Alumni Updates

Sunrise Over The English Channel


 

R Barnes

Richard Barnes

DARKNESS. Fuel exhaust. Heaving sickness. Bitter cold water like daggers on the skin. Utah attorney Richard N. Barnes (BA ’97) swam through it all after accepting his older brother David’s challenge to swim the English Channel.

Swimming has been an integral part of Richard’s life. He set a Utah high school swimming record that stands to this day and later served as captain of BYU’s swim team. When his brother suggested they both swim the English Channel, they became captivated by the idea of conquering the punishing sleeve of the Atlantic Ocean that separates England and France and began a year of preparations.

When Richard, David, and their support crews first arrived at the channel at 3 a.m. on Aug. 6, 2005, Richard faced one of his greatest fears: swimming in darkness. “Just keep swimming to the sunrise,” he told himself. “It was the mental battle of blocking the cold out of your mind and the mental battle of keeping one arm in front of the other throughout so many hours of swimming,” Richard says. In contrast, there was “the mental support of my younger brother John and my wife being on the support boat and the thought of David being in the water with me.” His crew did not tell him when David pulled out halfway across the channel due to seasickness and hypothermia.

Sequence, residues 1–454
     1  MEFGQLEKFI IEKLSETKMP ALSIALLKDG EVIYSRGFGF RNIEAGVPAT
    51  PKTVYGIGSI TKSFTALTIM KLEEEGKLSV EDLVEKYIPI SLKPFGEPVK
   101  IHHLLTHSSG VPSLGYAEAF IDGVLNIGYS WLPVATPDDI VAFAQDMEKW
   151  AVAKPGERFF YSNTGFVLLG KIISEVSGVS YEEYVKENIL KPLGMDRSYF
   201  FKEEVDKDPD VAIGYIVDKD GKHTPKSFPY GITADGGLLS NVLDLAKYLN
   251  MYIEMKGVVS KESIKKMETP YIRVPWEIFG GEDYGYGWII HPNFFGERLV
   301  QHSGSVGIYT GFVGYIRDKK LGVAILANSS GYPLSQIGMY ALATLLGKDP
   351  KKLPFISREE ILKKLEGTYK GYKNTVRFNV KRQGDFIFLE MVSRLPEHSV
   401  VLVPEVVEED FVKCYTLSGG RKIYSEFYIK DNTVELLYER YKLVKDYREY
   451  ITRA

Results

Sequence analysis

Richard’s wife, Darcee Mangus Barnes (BA ’98), supported her husband with tenacity. Although pregnant with their fifth child at the time of the swim, she rode on the support boat the entire time without becoming seasick.

After 16 hours and 43 minutes, Richard became the first Utahn to swim the channel. Because of currents and other weather factors, the 21-mile distance from shore to shore became a 36-mile swim. David succeeded a year later on his second attempt.

Richard now frequently shares his English Channel experience with youth groups and church congregations. He has also spoken to the Utah Supreme Court and the Utah State Bar Commission. His message for others is simple: “Just keep swimming to the sunrise.”